An extensive range of complementaryin cancer care, complementary care involves the use of therapies intended to enhance or add to standard conventional treatments; examples include supplements, mind-body approaches such as yoga or psychosocial therapy, and acupuncture interventions that can be added to conventional cancer therapies are discussed in detail on this website. The effectiveness of many approaches and therapies may be specific to the tumor or person. Thoughtful evaluation in key.

But just as with cancer prevention, some general themes are broadly applicable. For example, the discussion of the body terrain and tumor microenvironment and 7 Healing Practices are notably consistent with the general idea of an ecological approach to cancer prevention. Create the systems conditions in which cancer is less likely to develop and which improve the outcome when it does.7Schettler, Ted. The Ecology of Breast Cancer: The Promise of Prevention and the Hope for Healing. Science & Environmental Health Network and Collaborative on Health and the Environment. 2014. 

Ecologic framework of health

In addition to cancer prevention and treatment, an ecologic framework of health can also help us to understand more clearly trends in asthma, neurodevelopmental disorders, diabetes, obesity, autoimmunity and other complex diseases of our time. Single cause-and-effect relationships rarely explain them.Rather, the way we live, eat, move around, relate to one another, make and use consumer products, and interact with the natural world and resources together strongly influence health and disease patterns. Interactions among progressively nested individual-, family-, neighborhood-, community-, economic-, political- and societal-level variables are all involved.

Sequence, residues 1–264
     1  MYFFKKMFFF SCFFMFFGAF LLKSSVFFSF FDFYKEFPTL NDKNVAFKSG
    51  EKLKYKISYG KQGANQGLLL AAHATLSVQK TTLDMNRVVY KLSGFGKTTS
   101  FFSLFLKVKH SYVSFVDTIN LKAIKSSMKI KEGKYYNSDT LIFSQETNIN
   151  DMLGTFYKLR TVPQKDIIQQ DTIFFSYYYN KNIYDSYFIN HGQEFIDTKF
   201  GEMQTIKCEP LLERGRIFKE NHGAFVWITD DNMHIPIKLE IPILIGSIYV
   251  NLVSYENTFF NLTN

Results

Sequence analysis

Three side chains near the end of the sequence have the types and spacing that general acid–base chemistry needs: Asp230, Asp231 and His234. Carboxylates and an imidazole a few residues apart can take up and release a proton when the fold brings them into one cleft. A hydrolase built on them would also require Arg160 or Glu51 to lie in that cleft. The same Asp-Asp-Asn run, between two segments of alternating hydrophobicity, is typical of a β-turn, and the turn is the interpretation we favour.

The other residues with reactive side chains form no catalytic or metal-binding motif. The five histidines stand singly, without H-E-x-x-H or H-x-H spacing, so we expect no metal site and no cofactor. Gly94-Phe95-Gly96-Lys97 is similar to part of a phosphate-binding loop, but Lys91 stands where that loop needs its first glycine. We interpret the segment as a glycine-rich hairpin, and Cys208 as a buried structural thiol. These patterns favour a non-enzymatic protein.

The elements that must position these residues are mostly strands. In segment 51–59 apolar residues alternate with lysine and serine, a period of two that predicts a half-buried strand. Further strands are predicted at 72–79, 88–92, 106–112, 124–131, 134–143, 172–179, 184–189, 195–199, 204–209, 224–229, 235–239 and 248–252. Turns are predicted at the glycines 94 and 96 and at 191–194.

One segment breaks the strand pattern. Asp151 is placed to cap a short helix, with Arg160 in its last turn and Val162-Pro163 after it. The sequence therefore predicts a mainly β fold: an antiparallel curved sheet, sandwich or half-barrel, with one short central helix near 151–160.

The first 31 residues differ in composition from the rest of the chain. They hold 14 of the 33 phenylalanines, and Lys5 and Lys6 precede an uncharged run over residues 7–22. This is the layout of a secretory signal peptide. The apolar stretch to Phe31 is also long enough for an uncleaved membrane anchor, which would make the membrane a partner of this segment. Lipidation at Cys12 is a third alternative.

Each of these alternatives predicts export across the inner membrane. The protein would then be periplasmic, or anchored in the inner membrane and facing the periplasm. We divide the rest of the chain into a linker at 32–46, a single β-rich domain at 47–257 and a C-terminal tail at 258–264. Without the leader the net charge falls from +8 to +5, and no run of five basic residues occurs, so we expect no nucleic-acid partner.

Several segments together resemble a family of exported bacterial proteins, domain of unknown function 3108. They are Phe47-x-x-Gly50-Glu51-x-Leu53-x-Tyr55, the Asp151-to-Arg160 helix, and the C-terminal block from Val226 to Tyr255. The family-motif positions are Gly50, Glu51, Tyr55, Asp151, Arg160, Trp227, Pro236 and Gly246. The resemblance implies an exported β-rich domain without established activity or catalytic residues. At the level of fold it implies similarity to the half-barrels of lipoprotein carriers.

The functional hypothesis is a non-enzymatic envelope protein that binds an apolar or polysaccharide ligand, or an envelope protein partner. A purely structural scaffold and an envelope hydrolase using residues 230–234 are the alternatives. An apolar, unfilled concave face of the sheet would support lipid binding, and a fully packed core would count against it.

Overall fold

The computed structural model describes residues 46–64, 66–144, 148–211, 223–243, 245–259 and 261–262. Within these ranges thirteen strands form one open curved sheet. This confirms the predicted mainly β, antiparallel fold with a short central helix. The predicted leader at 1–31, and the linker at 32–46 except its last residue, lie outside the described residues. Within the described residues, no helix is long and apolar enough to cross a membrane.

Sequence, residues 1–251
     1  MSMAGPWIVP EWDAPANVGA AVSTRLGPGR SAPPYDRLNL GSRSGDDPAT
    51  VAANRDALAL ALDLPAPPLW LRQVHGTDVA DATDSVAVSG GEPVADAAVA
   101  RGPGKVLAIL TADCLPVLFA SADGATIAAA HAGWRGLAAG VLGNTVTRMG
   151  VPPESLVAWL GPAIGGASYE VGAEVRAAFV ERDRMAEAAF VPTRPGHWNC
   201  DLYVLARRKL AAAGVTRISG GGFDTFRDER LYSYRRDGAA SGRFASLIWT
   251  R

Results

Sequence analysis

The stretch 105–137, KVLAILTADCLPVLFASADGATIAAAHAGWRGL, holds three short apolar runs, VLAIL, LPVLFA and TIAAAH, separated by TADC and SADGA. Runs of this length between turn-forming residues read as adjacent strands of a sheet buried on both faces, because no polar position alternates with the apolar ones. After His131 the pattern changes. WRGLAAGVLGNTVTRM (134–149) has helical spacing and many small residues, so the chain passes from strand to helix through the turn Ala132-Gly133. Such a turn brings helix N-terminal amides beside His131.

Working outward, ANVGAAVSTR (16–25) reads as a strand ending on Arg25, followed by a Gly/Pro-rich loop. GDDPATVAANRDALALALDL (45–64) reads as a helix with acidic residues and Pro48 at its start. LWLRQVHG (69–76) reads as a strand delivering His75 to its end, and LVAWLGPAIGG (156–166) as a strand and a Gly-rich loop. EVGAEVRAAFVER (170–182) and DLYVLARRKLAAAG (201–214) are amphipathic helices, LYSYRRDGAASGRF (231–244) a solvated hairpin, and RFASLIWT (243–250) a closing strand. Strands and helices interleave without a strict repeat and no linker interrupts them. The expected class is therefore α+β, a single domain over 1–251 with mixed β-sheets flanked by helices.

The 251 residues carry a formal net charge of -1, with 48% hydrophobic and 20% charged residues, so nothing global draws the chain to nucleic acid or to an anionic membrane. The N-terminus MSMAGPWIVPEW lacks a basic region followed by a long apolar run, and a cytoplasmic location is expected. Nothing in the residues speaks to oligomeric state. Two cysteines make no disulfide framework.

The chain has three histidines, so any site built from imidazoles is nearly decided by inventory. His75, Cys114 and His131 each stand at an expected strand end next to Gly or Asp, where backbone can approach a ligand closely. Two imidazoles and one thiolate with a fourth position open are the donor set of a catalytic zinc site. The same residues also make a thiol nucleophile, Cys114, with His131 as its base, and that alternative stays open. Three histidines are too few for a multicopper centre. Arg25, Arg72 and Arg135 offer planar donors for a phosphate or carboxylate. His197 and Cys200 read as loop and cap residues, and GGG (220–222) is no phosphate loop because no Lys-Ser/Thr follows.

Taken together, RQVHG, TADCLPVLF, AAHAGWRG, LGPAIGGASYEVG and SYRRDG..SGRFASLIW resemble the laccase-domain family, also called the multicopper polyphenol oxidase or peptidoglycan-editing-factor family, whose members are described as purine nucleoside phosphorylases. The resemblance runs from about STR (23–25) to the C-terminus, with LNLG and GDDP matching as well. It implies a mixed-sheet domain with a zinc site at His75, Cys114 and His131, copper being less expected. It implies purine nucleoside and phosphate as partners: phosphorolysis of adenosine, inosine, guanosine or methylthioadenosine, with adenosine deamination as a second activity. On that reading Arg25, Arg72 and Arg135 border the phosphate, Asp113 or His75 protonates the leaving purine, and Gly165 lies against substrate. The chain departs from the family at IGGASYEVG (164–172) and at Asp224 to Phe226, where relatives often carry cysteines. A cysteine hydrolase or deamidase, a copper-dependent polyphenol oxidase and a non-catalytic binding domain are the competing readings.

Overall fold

We have a long history of simplifying complex problems into more manageable pieces to study them and deciding how to respond. That’s understandable, but if it prevents us from reassembling the pieces and recognizing them as systems problems requiring systems-level responses, this approach is not enough. Multi-level interventions can be combined in integrated disease-prevention strategies, just as integrated approaches to care and treatment of complex disorders holds promise for improved outcomes. Those are the challenges and opportunities.

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The Ecology of Breast Cancer ›

By Ted Schettler, MD, MPH

The entire book is available as a PDF free of cost.


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About the Author

Ted Schettler, MD, MPH

Dr. Schettler is science director of the Collaborative on Health and the Environment and the Science and Environmental Health Network and author of The Ecology of Breast Cancer.

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Dr. Schettler is science director of the Collaborative on Health and the Environment and the Science and Environmental Health Network and author of The Ecology of Breast Cancer. He has worked extensively with community groups and non-governmental organizations throughout the US and internationally, addressing many aspects of human health and the environment. He has served on advisory committees of the US EPA and National Academy of Sciences. He is co-author of Generations at Risk: Reproductive Health and the Environment, which examines reproductive and developmental health effects of exposure to a variety of environmental toxicants. He is also co-author of In Harm’s Way: Toxic Threats to Child Development, which discusses the impact of environmental exposures on neurological development in children, and Environmental Threats to Healthy Aging: With a Closer Look at Alzheimer’ and Parkinson’s Diseases.

Ted Schettler, MD, MPH Physician, advocate, author, and CancerChoices advisor